The story goes a little something like this: once upon a time, in the era before I started writing novels, I spent a lot of  time in fandom, writing fanfiction. My production rate — the speed at which I could churn out a few thousand-word piece of fiction — was astonishing by my standard today. I wrote a lot of varied pieces because it was fun. Not because I wanted to turn a profit. Not because I wanted to get published. Not because I had something to prove to myself.

I wrote because I liked the process, I liked to experiment, and I loved words. I loved the surprise of emerging from the fugue of creation to find a line, maybe a sentence or two that hummed because they hung together in such a way that, while I knew I’d written them, felt like something that came from an out of body experience; there was a magic to them.

That’s how I fell in love, by the way. It’s how I eventually branched off from writing about other people’s characters to creating my own.

So what happened? I reinvested myself in novel writing and forgot about the short format totally.


The Catalyst

Short formats are my weakest link. It’s the one discipline that should be easy, but I find really difficult — partially for the time management required, partially for how aggressive you need to be: you get into the story, and you get out. Writing a novel gives you more freedom to meander, to world build, to wind the tension up before it explodes — that’s not the case with short stories. You need to smash reader sympathy early and screw everything up pretty quickly, then wrap it all up and package it with a tidy little bow.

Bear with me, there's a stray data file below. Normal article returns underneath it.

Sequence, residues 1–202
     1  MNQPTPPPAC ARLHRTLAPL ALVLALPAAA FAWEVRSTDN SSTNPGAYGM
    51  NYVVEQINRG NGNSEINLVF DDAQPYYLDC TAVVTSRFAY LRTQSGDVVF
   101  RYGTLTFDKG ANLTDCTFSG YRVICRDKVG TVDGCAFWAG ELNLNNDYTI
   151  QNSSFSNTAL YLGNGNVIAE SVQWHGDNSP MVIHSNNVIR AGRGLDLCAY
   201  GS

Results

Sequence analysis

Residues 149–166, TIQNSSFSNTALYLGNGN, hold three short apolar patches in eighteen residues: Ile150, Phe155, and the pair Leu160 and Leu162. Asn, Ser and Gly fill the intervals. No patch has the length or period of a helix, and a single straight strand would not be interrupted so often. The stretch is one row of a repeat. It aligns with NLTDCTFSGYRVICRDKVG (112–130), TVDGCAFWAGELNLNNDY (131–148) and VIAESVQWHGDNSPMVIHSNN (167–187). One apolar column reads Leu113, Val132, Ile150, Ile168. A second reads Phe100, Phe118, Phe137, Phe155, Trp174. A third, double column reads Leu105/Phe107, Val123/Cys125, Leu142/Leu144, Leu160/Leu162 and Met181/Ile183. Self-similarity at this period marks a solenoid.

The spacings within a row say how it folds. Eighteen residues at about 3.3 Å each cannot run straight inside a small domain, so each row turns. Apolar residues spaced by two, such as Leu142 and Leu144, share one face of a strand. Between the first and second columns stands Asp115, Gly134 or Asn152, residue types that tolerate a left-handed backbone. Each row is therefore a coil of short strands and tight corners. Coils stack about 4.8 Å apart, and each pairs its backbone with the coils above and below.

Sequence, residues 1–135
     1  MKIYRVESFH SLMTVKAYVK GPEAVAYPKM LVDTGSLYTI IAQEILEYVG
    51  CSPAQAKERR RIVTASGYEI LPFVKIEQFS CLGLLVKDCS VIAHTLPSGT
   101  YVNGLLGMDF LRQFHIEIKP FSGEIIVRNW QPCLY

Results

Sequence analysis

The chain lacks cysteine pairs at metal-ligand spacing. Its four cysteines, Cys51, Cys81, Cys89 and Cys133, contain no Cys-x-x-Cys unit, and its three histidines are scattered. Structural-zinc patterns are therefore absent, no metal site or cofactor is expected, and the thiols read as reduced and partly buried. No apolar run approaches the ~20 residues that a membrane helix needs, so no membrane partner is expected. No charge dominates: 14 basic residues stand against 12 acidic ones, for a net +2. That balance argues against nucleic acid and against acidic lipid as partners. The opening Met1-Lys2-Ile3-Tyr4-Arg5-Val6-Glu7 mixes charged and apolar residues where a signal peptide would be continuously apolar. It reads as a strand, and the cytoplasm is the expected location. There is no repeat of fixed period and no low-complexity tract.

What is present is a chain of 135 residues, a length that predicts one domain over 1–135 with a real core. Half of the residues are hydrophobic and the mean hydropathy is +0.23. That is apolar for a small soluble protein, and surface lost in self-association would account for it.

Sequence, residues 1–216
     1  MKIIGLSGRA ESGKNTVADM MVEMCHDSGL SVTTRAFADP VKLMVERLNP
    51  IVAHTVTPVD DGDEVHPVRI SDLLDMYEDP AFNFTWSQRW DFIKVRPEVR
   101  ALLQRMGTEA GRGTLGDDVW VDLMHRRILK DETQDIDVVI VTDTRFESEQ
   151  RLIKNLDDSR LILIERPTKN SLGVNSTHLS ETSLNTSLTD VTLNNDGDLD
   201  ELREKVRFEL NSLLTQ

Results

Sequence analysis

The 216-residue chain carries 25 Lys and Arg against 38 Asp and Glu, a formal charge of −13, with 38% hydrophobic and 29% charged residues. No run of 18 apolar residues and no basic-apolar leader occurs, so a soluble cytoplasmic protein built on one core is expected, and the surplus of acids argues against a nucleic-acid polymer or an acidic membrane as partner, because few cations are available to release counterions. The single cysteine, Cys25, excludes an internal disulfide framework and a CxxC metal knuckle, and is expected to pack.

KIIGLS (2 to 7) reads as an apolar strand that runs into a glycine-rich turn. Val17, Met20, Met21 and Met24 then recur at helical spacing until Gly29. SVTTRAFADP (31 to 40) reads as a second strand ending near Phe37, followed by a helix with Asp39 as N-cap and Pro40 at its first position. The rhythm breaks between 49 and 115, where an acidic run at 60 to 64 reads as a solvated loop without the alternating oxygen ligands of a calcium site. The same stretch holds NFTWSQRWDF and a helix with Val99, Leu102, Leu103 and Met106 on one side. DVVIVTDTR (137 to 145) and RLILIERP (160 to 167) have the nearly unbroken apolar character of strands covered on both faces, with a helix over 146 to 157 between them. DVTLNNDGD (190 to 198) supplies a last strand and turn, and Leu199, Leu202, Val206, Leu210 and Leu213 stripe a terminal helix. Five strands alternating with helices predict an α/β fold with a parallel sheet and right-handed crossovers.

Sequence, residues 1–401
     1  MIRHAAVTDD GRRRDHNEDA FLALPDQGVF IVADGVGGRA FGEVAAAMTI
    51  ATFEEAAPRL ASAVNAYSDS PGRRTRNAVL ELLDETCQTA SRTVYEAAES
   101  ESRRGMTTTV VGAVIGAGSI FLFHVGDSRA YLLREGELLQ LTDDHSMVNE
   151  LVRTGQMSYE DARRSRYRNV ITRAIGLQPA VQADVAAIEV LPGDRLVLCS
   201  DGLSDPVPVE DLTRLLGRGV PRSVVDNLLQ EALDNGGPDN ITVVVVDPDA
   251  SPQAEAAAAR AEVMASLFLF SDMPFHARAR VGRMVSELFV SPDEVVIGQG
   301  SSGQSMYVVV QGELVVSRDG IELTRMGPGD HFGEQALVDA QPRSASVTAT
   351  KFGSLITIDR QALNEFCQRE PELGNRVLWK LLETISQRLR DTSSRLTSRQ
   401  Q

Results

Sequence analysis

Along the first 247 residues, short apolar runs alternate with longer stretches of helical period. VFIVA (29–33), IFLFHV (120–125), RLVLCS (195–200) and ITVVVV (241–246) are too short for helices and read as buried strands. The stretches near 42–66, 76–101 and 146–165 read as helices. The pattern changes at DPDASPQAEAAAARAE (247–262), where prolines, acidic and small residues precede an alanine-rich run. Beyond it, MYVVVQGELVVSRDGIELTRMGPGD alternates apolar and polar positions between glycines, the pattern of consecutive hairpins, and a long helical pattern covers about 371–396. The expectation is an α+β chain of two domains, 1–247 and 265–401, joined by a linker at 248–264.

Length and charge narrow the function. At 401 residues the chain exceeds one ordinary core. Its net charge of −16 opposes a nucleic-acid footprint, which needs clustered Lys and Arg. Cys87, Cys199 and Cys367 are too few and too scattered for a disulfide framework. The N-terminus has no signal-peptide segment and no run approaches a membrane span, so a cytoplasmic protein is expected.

I started a new daily practice not so long ago to generate ideas, just to see if I could do it: I started writing down ten ideas a day into my journal app. They didn’t have to be story ideas, but that’s the direction they started leaning pretty quick. At the end of the week, I’d amassed a collection of plot bunnies in a spreadsheet, and some of them were beginning to nibble.

Some of these ideas would become horror stories, but others were more ephemeral: melancholic, shadow-painted creatures that seemed a little sad or a little wistful. Some were deeply imbued with the fantastic, and others didn’t seem to fit anywhere. They all had one thing in common, though: they all wanted to be given life.

And thus, Short Fictions & Curiosities was born.


Announcing “The Curiosities Collection”

Short Fictions & Curiosities are monthly offerings: a sample of short stories, wonders, terrors, and experiments in speculative fiction: small slivers of dark fiction and horror from the vault for your enjoyment. They are free to read, with the hopes that you’ll share with others on the social media platform of your choosing. Each story has been penned and designed by Kira Butler. They are formatted for ePub, Mobi, and PDF, and it’s at your discretion how you’d like to receive them.

The first offering will be made available, appropriately, on Halloween.

It is a story about the things we leave behind, that often return and linger in the most curious ways.

“Nicolas paced from room to room, occasionally bumping into furniture, trying the doors as he found them. Some remained locked, but the jumble of keys required more patience to sort through than he had to offer, and the skeleton key intended to open every door proved elusive, just as Mary had said. Tomorrow, he promised, touching the locks that wouldn’t reveal their secrets.” 

– Kira Butler, Chasing Ghosts

You can get the official announcement delivered directly to your inbox on Saturday, October 31, 2015 by signing up to the mailing list.


About Kira Butler:

Kira Butler is a speculative fiction writer and creative professional from Montreal. She holds a BFA from Concordia University, is a supporting member of the Horror Writers Association, and a member of the Quebec Writers Federation. She has been writing fiction for over ten years, having produced over twenty short stories, and three novels. She haunts, and can be found on Twitter and Facebook.

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Free Short Story: Chasing Ghosts by Kira Butler